We considered going off grid here and I can tell you based on your description it's probably not worth it.  Especially considering the location you are describing.  Any home/property ownership costs substantially more than you ever expect.  Does it have electricity or cable running to it or will you need to pay for them?  Phone lines?  Are you sure you are comfortable raising kids in that area?  Do you know how to farm?  Do you know how to cook and preserve what you farm?  How to sell it? You're talking about a TON of work not just for you, but for your family as well.  And do you have a plan in case anything goes wrong?  If you can't make ends meet by farming alone, will you be able to find work in the "ghost town"? 

Sorry to be a buzz kill, but you sound exactly like I did when I first considered it, and these were some of the things I considered and finally swayed me.  Good luck if you do it though.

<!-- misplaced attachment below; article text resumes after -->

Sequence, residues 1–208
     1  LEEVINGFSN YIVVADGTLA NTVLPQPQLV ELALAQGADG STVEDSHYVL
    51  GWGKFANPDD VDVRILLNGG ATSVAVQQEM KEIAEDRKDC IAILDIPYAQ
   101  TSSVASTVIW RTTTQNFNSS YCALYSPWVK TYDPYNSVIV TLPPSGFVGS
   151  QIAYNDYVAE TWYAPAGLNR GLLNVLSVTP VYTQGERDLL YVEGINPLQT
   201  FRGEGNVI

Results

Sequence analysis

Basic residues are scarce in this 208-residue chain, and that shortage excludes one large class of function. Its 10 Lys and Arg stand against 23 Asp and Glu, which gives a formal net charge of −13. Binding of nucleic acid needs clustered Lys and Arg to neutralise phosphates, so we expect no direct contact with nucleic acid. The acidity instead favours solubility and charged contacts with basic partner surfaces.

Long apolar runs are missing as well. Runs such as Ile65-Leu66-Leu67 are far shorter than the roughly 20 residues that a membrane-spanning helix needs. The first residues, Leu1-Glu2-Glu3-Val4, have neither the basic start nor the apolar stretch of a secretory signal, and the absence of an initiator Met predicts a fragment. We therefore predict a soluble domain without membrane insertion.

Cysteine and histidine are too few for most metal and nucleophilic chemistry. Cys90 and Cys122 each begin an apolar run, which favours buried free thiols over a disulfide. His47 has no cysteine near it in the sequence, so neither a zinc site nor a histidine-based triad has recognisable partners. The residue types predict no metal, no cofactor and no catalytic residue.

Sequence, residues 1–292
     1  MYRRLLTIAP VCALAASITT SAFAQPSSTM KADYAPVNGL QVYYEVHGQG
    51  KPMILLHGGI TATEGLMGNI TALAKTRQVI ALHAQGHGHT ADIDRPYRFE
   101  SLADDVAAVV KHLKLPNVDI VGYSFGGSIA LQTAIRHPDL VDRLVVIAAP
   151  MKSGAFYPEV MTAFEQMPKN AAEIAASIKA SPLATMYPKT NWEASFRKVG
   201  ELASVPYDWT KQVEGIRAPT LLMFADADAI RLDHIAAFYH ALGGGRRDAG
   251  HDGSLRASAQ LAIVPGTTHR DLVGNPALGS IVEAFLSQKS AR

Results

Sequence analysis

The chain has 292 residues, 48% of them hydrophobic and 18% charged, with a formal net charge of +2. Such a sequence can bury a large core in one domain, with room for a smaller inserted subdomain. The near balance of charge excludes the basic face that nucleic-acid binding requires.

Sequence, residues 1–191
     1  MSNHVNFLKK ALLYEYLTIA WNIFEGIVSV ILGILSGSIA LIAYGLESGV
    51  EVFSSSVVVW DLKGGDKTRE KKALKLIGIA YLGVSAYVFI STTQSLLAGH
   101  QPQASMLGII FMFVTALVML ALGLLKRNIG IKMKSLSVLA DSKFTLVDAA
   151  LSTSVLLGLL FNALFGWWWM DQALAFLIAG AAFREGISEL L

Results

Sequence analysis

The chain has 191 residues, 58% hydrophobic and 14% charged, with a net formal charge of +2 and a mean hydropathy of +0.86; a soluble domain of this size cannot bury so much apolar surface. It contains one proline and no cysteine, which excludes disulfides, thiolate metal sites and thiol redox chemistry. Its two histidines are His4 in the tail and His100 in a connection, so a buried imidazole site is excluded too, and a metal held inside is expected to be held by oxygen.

Don't apologize, I need the buzz kill to keep from doing something stupid.

I'm not afraid of the work and I do anticipate there will be lots of it. I grew up in a divorced home and my fathers side is All country so I'm no stranger to it. My biggest fear is bringing my kids along at this stage.

As for it being off grid, that is ideally how I'd want my farm to be. I've been self studying solar energy for the past two yrs(even got certified in solar instillation!) and my vision is to build small passive solar contemporary dwellings and one central building/kitchen as opposed to one big house.

Obviously I have a lot of ideas and also a lot of hesitations. I like the property but not the timing.

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#5 : May 04, 2012, 08:49:50 PM

If it is a second property I would seriously consider it. As a primary I would say no. Particularly with young kids.

My first thought was bug out bag. If you know what that means you will get my drift. I have a similar property up near Ocala, but it did come with Electricity.